Hyundai has stepped up its game in the Sonata Hybrid's cabin, too. Much like Mazda right now, Hyundai has achieved a premium look by going for a simplified, fuss-free design and fewer physical buttons than before. The climate control panel, for instance, is a model of clarity. The seats are supportive and space utilization earns high praise both front and rear. The nitpickers out there will be able to find one or two bits of trim that aren't especially solid, but overall, it's a fine effort. All trims are equipped with cruise control, rear cross-traffic alert, lane keeping assist, and dual-zone climate control, while higher-spec trims have power-adjustable front seats, heated front seats, and wireless device charging. A color head-up display is standard on the range-topping Limited trim.
Inside the Sonata Hybrid, you'll find room enough for five adults, but that last center-rear seat is best saved for short journeys. The new sportback styling of the Sonata doesn't impact rear headroom as much as the sloping roof suggests. In the back, there's 37.8 inches of upright room, just a shade less than in the standard Sonata, while there are the same 40 inches up for driver and front passenger. Both front and rear legroom are the same at 46.1 inches and 34.8 inches, respectively.
Like the standard Sonata as well, the Sonata Hybrid has an excellent driving position with decent visibility all around. The level of adjustment in the steering wheel is fine, but the driver's seat would benefit tall drivers by being able to be set a little lower.
While the Blue and SEL trims have premium cloth seats, the Limited gets leather upholstery. The base model has a urethane-trimmed steering wheel but more appealing leather wrapping is applied to the steering wheels on other versions. Hyundai has made good use of soft-touch materials on the armrests and door panels, surfaces that will most often be touched. On non-hybrid models (which we review separately), a mix of black and light grey or brown interior color schemes can be chosen, and the Sonata Hybrid has access to a similar range of colors, although the Dark Grey/Camel color scheme is only available on the leather found in the Limited model.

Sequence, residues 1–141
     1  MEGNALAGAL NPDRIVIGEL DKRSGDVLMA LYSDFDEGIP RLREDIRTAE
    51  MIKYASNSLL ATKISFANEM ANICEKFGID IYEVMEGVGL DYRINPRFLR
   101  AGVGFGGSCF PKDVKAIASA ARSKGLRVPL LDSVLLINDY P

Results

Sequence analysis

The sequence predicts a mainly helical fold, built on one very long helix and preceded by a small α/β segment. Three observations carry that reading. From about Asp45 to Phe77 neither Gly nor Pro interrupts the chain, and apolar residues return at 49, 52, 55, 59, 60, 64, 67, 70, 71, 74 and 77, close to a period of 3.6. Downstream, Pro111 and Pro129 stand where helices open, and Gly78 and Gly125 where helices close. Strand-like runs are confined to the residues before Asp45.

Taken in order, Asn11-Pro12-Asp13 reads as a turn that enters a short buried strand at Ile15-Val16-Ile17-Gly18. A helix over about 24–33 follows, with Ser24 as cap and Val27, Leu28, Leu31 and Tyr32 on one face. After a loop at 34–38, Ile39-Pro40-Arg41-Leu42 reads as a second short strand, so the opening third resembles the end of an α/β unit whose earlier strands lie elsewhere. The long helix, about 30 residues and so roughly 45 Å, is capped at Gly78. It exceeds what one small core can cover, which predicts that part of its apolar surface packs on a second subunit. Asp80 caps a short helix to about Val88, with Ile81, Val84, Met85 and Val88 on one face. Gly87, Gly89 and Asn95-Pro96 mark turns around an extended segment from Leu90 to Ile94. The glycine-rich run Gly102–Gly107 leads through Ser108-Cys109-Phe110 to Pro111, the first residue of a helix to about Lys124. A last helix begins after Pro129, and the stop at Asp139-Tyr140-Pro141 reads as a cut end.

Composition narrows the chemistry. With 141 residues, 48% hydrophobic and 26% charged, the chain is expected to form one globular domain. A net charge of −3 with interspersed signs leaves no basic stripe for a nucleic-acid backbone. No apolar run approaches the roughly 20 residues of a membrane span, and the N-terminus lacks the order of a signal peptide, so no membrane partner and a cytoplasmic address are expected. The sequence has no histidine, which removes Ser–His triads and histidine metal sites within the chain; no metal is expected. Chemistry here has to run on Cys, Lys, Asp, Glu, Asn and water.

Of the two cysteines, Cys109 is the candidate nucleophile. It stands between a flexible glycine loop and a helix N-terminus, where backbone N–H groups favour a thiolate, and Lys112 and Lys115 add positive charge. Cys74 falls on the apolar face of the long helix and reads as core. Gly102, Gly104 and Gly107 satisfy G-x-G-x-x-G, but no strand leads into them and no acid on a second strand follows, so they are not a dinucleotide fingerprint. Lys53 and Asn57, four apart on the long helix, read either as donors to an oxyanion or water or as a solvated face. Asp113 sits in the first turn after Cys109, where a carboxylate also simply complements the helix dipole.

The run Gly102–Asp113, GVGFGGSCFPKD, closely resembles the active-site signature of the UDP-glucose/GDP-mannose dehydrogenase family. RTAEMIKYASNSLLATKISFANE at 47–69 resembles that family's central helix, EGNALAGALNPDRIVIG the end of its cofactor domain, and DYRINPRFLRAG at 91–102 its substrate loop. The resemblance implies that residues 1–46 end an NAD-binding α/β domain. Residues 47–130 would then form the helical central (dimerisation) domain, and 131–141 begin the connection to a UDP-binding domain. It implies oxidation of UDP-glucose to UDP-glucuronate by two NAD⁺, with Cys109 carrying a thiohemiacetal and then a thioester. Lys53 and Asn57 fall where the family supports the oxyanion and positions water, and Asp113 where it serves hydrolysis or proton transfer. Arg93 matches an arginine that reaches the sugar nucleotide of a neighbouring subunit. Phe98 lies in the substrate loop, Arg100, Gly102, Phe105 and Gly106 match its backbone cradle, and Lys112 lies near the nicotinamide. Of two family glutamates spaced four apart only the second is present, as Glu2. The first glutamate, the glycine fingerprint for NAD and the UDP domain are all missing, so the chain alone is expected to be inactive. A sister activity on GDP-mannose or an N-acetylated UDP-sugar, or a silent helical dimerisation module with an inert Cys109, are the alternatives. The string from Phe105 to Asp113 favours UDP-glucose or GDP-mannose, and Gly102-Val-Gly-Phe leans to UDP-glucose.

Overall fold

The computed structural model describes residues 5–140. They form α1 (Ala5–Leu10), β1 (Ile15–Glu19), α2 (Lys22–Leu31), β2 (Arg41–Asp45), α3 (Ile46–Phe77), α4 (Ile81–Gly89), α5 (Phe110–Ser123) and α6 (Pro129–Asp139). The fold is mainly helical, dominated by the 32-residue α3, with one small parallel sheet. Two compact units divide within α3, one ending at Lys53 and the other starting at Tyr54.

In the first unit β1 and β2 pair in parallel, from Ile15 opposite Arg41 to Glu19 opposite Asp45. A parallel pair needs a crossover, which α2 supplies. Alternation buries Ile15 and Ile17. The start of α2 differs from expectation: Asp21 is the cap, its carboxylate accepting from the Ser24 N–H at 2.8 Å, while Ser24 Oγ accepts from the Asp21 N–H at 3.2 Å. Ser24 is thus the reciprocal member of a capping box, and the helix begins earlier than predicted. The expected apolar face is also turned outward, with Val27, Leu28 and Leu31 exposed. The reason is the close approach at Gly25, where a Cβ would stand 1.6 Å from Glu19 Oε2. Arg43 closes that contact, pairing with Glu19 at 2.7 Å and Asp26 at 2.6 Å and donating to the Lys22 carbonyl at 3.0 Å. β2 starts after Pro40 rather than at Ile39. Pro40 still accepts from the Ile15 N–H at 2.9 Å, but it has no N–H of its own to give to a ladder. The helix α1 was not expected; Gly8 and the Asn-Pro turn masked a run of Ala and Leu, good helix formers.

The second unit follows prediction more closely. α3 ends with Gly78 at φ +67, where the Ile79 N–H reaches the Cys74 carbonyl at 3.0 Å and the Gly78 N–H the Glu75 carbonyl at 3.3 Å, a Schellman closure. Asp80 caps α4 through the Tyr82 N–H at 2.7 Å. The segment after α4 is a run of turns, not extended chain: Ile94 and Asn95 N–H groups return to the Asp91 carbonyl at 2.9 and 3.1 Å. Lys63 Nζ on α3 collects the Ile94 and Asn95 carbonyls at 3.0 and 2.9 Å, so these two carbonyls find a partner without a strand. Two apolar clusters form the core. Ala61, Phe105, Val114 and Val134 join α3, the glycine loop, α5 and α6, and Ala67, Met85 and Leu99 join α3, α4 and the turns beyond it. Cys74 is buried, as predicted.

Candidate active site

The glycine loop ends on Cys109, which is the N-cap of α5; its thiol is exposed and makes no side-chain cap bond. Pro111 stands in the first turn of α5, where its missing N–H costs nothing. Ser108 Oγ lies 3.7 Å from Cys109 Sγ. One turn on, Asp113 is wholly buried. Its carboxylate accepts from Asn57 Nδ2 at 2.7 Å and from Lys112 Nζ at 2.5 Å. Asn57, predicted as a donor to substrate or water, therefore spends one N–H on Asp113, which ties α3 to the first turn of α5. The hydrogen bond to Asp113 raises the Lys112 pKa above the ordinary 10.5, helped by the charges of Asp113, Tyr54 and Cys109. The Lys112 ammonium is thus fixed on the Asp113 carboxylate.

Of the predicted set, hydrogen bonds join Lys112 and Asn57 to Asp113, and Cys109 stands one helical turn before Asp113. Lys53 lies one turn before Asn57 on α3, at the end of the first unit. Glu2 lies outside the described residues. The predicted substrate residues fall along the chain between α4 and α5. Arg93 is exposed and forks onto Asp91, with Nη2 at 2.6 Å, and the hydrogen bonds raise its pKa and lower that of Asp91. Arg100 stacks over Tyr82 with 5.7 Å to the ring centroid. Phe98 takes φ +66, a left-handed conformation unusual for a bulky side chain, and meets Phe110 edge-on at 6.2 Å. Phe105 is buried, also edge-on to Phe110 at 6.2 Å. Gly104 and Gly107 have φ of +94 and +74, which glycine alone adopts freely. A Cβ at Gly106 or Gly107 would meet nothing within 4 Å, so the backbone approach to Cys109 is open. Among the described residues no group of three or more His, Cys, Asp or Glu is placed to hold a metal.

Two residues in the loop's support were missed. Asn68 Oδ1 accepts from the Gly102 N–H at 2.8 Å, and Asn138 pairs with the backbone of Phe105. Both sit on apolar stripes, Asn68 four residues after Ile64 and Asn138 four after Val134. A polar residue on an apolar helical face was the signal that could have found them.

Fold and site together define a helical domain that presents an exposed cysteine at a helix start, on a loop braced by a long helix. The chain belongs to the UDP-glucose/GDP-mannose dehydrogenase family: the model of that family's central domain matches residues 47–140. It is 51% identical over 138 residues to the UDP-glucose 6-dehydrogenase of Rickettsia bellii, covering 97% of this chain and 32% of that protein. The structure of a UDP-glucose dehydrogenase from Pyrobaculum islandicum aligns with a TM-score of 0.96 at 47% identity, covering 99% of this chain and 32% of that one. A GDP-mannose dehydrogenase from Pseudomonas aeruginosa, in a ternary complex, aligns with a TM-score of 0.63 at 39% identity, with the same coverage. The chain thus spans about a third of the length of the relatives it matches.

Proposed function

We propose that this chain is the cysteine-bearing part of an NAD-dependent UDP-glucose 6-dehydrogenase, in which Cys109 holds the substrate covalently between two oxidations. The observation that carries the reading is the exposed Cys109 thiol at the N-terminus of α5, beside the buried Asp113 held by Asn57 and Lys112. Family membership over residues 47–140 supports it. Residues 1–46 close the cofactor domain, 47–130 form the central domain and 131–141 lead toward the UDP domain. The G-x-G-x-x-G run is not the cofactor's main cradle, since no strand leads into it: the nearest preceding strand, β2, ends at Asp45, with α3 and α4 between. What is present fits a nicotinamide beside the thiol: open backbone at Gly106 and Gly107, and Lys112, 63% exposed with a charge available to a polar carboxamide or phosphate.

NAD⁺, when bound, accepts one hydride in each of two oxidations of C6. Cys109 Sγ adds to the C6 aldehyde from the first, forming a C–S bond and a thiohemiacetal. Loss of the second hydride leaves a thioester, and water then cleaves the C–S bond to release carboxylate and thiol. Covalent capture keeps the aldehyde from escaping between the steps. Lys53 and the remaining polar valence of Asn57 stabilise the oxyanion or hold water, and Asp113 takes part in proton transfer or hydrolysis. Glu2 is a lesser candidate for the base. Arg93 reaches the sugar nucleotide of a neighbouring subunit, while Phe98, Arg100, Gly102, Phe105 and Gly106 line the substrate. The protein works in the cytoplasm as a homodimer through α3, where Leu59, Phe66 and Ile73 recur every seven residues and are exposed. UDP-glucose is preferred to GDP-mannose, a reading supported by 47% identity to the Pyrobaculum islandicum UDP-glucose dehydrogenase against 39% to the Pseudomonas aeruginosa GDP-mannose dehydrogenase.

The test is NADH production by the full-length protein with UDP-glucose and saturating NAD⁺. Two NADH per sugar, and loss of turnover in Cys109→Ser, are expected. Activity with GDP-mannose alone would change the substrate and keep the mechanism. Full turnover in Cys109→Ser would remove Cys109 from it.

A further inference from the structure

In terms of cargo volume, the Hyundai Sonata hybrid sedan has been thoughtfully developed to maximize trunk space. The high-voltage hybrid battery has been optimally placed so that there is no reduction in trunk capacity compared with the non-hybrid Sonata. At 16 cubic feet - although not the largest in this segment - the trunk is big enough to accommodate about seven carry-ons or a weekly grocery shop. The back seats can also be folded down in a 60/40 split to further increase overall cargo capacity, and hands-free smart trunk access is a big plus when your hands are full.
Interior storage space is generous, too, with a usefully-sized center console and well-placed cupholders. The doors are also equipped with their own pockets for stashing phones, wallets, and the like.
Hyundai continues a tradition of offering plenty of standard features across the Sonata Hybrid range. The entry-level Blue trim gets specs that include LED headlights, automatic high-beam assist, power-folding mirrors, dual-zone climate control, and six-way manually-adjustable front seats. A tilt/telescoping steering column helps in finding a good driving position, too. Along with an impressive nine airbags, all models also receive a rearview camera, forward collision avoidance, lane keeping assist, and driver attention warning. The mid-range SEL adds console-mounted vents for the rear passengers, wireless device charging, and power-adjustable/heated front seats, while the range-topping Limited has ventilated front seats, the solar glass roof, rear parking sensors, and a color head-up display.